At this point in time the rains are still falling (an improvement on last year, when at this time it was very hot and dry), so things are looking good for a great growing season ahead.  Our polytunnel is growing great, and we have tomatoes, cucumbers, zuchinni, watermelon, capsicum and chilli all growing, as well as bananas, citrus, strawberries and passionfruit.  When the sun is out it easily gets up to 30-35C, so all the heat loving plants are pretty happy!

Our fish pond in the polytunnel with water lilies.

Friday, July 15, 2016

The last year

Hello There!
Its hard to believe nearly a whole year has passed since I last updated this blog, sincere apologies if you check in here every now and then.  This last year has simply flown by in a flurry of business, the likes of which I could not possibly imagine!  Fingers crossed that the next year will be slower and easier, but that's not likely, although I live in hope....

So one major reason for my absence is the arrival of our fourth child, another girl, who arrived here on the farm on christmas evening. She has settled in fine, but sure has taken up a chunk of time.

My vegetable garden was a mixture of success and failures, but as I tell my kids we learn a lot more from failure than success, so I am sure learning lots!  Our biggest issue here has been water, so this year we installed a 115,000L water tank, which is now 2/3 full.  That should make keeping the garden alive easier, especially since we have also gone high tech and bought a pump and sprinklers!  My days of watering by watering can are OVER!  My other major issue has been rabbits.... and while we have STARTED on a fence it wont be finished in time for this year's garden, so I'm not going to bother planting crops that they eat, like peas and bean, and grain crops.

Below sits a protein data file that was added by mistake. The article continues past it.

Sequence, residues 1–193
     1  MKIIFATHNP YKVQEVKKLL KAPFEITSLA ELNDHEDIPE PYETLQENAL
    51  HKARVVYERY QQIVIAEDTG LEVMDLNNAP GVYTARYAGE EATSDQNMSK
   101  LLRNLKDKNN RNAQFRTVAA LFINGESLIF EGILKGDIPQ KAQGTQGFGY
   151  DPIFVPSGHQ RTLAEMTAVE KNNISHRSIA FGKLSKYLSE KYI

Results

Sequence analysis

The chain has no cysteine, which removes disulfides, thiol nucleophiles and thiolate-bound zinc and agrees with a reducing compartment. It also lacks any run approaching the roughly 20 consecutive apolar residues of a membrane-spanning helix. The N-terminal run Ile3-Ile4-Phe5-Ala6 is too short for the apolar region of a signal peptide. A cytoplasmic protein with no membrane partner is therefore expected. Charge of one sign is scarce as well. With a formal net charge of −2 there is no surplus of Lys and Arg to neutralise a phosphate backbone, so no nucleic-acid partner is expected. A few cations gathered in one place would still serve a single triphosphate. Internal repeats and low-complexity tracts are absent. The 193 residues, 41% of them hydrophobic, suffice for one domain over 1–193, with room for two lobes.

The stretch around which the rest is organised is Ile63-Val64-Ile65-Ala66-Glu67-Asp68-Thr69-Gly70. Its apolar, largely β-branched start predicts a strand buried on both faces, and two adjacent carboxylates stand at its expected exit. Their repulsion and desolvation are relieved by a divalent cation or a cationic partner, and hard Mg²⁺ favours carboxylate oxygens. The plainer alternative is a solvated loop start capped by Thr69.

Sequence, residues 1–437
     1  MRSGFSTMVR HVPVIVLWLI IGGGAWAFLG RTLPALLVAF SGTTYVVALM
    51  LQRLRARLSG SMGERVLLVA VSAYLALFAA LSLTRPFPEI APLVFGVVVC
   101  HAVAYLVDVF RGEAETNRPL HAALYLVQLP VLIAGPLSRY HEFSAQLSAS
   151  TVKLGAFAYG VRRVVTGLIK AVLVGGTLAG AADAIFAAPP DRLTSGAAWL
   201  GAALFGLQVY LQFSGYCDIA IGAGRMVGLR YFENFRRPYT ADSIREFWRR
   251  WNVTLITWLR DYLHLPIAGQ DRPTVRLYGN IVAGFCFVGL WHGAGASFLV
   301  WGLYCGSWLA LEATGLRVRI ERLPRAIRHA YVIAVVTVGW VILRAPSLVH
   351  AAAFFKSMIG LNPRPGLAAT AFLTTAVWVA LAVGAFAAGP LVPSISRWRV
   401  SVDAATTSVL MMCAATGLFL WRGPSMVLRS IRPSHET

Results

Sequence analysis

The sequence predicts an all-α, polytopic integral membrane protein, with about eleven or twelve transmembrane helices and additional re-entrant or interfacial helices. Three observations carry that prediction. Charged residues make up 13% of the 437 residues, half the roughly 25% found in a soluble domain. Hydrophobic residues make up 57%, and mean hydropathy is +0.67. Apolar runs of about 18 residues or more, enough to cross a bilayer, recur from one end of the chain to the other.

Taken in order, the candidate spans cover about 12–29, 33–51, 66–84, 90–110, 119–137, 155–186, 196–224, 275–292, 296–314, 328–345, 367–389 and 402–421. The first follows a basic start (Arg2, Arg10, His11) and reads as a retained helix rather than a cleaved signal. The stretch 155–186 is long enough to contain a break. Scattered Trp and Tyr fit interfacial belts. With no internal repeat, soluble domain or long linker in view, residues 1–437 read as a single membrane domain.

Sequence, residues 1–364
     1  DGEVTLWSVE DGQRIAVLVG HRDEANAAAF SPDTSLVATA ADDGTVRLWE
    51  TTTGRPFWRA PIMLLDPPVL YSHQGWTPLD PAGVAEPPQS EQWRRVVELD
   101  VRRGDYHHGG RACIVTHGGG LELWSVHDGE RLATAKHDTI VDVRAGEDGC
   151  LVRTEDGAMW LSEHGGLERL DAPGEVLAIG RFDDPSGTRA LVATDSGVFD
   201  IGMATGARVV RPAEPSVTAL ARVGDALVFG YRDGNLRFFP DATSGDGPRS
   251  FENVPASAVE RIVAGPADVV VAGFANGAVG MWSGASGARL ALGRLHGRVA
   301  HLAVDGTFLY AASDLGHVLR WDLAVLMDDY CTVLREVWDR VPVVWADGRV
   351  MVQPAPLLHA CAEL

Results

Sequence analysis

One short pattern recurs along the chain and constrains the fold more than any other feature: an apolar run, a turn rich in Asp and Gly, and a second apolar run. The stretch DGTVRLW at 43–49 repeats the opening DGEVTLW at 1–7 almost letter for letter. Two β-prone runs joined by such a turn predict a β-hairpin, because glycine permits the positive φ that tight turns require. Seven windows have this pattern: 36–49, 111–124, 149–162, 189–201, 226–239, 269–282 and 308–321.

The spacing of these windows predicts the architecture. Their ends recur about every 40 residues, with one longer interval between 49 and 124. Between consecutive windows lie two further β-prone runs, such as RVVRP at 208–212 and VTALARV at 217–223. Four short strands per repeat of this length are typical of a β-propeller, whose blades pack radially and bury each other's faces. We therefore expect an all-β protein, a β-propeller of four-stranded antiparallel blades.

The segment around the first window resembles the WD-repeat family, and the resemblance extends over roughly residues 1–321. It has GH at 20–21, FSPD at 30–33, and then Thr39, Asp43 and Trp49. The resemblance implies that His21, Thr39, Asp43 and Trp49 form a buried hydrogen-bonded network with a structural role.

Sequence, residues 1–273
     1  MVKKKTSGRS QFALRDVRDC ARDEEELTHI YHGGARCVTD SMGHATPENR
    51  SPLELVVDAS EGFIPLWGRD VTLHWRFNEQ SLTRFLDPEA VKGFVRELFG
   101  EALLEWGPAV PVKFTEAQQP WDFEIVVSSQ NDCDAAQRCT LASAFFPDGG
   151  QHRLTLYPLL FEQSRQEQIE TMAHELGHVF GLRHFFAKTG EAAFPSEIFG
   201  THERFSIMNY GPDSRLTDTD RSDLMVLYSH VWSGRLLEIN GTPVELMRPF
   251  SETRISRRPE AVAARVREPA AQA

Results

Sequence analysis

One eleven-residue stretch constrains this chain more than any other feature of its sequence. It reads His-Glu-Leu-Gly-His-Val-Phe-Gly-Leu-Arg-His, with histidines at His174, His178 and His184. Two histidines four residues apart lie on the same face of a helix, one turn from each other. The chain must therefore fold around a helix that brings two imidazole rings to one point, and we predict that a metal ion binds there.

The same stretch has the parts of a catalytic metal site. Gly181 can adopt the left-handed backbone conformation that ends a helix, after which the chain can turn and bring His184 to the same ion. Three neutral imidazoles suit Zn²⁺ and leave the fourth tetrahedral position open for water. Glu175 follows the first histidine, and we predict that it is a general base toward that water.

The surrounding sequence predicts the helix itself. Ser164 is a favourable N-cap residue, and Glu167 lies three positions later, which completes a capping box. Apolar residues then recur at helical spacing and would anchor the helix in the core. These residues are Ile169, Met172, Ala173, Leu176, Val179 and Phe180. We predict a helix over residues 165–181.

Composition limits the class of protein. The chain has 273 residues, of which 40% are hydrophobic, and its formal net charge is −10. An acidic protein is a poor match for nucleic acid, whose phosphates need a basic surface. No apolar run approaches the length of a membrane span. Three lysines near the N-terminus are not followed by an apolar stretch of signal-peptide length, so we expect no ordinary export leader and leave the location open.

Our polytunnel is now officially finished, with doors, sprinklers and lots of plants (including bananas, coffee plants, lemon grass and a few other warmer climate plants.  They like the more balmy conditions inside the tunnel, although the snow we had still made it a little chilly for them, hope they can hang in there a little longer, as spring is just around the corner (the wattles are starting to flower and so are the daffodils/jonquils).

the finished doors, the top swivels so hot air can vent out with the doors shut.

the inside of the polytunnel showing banana plants in the back  and vegie beds at the front.

We have caught the mushroom bug, after doing a short workshop at our local community garden.  We did one shitake mushroom log as part of the workshop, but have since bought dowels to do some other logs here.  Its a fun (but time consuming) process and the kids helped out too (despite them all LOATHING mushrooms - luckily I have mushroom eating in my genes and can cope with a glut!).